One of the major problems in developing countries – which often leads to widespread hunger and poverty – is unproductive agriculture. According to many economists, an explanation of why many farmers in these countries are doing badly is their unwillingness to take economic risks. However, a research team led by the University of Copenhagen has now identified another possible problem: many farmers rely on religion to structure their agricultural and economic decisions.
“The general explanation that poverty is associated with risk aversion – i.e. an unwillingness to use new technology or try out new crops should be re-assessed in relation to structural and contextual factors,” said study lead author Goytom Abraha Kahsay, an assistant professor of Food and Resource Economics at the University of Copenhagen. “Both our data and other recent studies show that people in developing countries are generally willing to take risks. But now we are able to explain it through religiosity.”
To map Ethiopian farmers’ risk preferences, the scientists designed a lottery experiment in which 819 small-scale, subsistence farmers were asked to choose between economic decisions either with a certain or uncertain outcome in several situations. Before the experiment, the researchers had assessed the religiosity of the individual farmers based on a number of criteria, such as the extent to which they believed that God intervenes in their lives, or how much money they donate to their church or mosque. The analysis revealed that about 26 percent of the farmers believed that God decides everything and intervenes in their success as farmers, and that their willingness to take risks was higher the more religious they were.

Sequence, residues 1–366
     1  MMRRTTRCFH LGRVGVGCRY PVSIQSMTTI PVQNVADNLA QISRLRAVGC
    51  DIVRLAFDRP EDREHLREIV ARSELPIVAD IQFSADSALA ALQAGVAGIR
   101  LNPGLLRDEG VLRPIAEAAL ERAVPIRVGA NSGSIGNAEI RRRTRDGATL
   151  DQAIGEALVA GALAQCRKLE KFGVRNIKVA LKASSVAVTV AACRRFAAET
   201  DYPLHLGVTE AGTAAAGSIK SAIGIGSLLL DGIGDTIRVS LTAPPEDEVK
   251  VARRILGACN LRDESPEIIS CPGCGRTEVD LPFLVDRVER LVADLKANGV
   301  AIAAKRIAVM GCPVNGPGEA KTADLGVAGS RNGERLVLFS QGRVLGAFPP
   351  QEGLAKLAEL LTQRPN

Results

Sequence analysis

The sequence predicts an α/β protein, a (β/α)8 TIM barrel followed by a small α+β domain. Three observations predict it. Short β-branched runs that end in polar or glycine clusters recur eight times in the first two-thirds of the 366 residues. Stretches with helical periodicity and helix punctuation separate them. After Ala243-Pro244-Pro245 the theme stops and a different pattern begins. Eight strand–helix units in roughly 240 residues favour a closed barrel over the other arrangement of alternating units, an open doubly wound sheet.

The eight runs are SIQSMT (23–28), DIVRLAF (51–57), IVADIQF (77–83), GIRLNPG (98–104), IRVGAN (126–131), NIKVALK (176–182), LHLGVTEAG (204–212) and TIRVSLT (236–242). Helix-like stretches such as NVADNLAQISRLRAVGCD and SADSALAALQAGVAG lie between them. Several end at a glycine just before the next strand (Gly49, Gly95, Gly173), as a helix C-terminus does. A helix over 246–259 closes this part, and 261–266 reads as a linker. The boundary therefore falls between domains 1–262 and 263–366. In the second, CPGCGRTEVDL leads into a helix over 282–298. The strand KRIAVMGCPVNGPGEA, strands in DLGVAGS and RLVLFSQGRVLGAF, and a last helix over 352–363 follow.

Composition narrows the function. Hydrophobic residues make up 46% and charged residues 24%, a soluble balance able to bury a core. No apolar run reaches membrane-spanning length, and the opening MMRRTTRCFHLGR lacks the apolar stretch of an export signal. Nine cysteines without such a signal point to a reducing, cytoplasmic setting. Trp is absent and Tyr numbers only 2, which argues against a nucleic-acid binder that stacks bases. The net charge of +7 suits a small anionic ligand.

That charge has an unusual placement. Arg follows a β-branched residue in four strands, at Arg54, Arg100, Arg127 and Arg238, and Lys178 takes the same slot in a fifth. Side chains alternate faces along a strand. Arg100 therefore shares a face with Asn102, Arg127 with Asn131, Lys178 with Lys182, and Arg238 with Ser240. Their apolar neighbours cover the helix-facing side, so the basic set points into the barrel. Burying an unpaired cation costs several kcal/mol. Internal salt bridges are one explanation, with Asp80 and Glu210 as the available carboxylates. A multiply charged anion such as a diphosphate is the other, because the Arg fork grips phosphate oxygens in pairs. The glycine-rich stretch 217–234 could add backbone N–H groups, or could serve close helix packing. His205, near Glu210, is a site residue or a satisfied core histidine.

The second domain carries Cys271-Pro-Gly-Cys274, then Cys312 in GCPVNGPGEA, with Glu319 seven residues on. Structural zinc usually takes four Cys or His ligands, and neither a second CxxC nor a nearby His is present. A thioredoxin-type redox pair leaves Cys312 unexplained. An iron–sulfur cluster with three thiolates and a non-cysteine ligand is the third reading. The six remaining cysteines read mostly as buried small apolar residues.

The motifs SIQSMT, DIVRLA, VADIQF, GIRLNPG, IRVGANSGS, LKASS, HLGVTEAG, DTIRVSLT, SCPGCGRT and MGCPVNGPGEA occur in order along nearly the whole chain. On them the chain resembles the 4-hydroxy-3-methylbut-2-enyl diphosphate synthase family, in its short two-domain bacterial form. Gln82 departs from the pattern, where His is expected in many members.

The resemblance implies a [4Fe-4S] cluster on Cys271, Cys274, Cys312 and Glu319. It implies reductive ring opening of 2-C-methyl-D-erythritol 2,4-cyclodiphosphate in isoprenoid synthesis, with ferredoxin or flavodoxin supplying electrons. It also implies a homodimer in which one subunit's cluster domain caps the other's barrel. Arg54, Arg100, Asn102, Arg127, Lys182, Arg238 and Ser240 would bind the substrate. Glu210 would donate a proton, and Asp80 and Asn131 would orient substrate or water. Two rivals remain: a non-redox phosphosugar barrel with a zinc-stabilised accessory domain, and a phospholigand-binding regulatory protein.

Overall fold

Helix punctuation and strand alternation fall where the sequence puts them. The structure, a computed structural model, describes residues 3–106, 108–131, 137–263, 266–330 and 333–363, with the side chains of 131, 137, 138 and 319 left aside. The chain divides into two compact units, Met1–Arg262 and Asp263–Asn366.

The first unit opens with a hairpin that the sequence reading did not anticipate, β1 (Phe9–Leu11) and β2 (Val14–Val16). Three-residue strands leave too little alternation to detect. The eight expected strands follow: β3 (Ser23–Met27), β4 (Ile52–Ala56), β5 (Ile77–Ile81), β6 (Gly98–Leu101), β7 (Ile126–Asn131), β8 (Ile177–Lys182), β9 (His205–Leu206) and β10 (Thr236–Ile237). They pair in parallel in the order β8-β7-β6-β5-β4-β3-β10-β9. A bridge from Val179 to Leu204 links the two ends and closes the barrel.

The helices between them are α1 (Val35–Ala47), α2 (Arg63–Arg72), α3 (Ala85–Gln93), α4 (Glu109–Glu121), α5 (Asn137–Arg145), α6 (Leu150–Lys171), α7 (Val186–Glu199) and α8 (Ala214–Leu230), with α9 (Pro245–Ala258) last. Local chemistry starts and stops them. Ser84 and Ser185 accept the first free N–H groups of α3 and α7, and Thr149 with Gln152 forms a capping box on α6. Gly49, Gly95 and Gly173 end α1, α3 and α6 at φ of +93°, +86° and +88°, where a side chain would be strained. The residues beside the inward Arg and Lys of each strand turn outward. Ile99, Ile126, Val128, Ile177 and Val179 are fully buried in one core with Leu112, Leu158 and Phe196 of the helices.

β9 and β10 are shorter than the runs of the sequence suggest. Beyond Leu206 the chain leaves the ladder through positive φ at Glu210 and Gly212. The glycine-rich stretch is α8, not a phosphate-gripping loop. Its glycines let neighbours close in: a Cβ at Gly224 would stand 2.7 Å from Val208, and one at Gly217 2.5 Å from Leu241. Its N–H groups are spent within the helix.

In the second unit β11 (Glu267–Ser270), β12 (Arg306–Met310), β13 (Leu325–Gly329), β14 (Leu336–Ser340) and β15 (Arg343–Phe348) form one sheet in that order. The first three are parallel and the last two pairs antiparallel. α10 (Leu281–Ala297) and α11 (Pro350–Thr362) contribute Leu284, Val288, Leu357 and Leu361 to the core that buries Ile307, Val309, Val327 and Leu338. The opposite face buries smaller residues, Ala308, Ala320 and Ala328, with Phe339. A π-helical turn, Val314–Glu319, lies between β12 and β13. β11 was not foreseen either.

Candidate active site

“Many of the surveyees choose to take risks because they believe that their success is entirely in the hands of God anyway. Even though the majority of the population do not share this belief, it equates to millions of Ethiopians sharing this conviction,” Professor Kahsay explained.
“Given ours and other studies’ findings suggesting that religiosity affects economic preferences and socio-economics outcomes, the authorities and policy makers may consider working with the Church and other religious institutions, which could probably make a difference in terms of technology adoption, climate adaptation, etc. Most people trust the Church, so any messages conveyed to them in church can probably affect their way of thinking,” he concluded.
The study is published in the journal Agricultural Economics.